|Edrington, Thomas - Tom|
|Nisbet, David - Dave|
Submitted to: Agriculture, Food and Analytical Bacteriology
Publication Type: Peer reviewed journal
Publication Acceptance Date: 10/16/2011
Publication Date: 10/1/2012
Publication URL: http://handle.nal.usda.gov/10113/57358
Citation: Krueger, N.A., Edrington, T.S., Farrow, R.L., Hagevoort, R., Anderson, R.C., Loneragan, G.H., Callaway, T.R., Nisbet, D.J. 2012. Evaluation of an experimental sodium chlorate product, with and without nitroethane, on Salmonella in cull dairy cattle. Agriculture, Food and Analytical Bacteriology. 2:82-87. Interpretive Summary: This research was conducted to simulate real world application of feeding an experimental chlorate product, both with and without nitroethane, to evaluate its effectiveness in reducing populations of Salmonella in cull dairy cattle on a commercial dairy prior to entering the food chain. Results demonstrated that both treatments reduced the concentration of Salmonella in cull dairy cows to levels that can be effectively controlled by modern processing intervention strategies at the slaughter plant.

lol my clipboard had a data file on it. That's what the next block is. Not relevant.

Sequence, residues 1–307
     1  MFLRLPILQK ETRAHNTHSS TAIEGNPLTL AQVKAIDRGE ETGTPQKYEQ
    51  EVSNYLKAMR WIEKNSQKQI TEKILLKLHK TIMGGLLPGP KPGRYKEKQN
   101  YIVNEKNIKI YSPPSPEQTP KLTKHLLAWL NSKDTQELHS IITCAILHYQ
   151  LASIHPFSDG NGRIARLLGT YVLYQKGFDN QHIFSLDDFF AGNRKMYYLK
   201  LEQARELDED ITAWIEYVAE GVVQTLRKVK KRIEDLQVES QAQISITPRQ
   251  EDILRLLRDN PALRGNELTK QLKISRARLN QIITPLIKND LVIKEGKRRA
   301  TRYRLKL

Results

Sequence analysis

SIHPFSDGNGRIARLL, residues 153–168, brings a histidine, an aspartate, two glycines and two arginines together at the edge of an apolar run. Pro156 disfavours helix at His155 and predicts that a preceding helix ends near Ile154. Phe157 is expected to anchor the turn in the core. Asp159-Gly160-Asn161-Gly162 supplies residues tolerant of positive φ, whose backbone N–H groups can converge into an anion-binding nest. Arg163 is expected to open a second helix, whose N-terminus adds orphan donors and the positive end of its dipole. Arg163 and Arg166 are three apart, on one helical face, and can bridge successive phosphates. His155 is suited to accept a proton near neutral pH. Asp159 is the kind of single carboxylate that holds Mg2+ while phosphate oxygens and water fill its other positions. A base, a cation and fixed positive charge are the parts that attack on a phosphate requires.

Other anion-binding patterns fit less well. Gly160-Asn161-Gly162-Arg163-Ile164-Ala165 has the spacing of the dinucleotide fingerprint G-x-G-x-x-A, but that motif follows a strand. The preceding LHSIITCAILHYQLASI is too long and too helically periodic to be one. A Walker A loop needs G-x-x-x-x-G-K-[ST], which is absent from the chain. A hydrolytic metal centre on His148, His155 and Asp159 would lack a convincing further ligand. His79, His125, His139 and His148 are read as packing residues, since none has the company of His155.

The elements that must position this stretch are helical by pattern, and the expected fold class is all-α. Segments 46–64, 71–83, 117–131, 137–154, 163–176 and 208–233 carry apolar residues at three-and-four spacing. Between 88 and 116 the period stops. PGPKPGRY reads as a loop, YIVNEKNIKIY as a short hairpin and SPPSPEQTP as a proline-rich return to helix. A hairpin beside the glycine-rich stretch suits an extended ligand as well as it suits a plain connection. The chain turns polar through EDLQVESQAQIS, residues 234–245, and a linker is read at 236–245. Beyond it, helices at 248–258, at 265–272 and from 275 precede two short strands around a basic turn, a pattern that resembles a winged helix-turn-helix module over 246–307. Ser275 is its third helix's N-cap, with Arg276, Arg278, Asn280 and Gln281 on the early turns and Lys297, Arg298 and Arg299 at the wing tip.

Technical Abstract: Ruminant animals are natural reservoirs for Salmonella. These bacteria can reduce nitrate to nitrite through the membrane bound enzyme nitrate reductase which also has the ability to reduce chlorate to the cytotoxic end-product chlorite. An experimental product containing sodium chlorate (ECP) has been investigated in recent years as a pre-harvest food safety strategy to reduce Salmonella. The addition of nitroethane has been shown to enhance the effectiveness of ECP. The objective of this research was to determine if feeding ECP, with and without nitroethane, is effective in reducing naturally occurring populations of Salmonella in cull dairy cattle on a commercial dairy prior to slaughter. Twelve cull dairy cows, dosed for two consecutive days with either 140 mg of ECP containing 30% sodium chlorate /kg BW/d or with 70 mg of the ECP plus 160 mg nitroethane /kg BW/d, were sampled 48 h post initial dose at 12 h intervals for Salmonella via fecal samples. Upon completion of the 48 h, sampling animals were necropsied, and gastro intestinal tissue and luminal content samples taken for bacterial enumeration. Results demonstrate that sodium chlorate can effectively reduce the Salmonella up to 5 log10 cfu/g feces in shedding animals. While the ECP did not kill 100% of the cultured Salmonella, it did significantly reduce populations in the high shedders to levels that are effectively controlled by modern processing intervention strategies.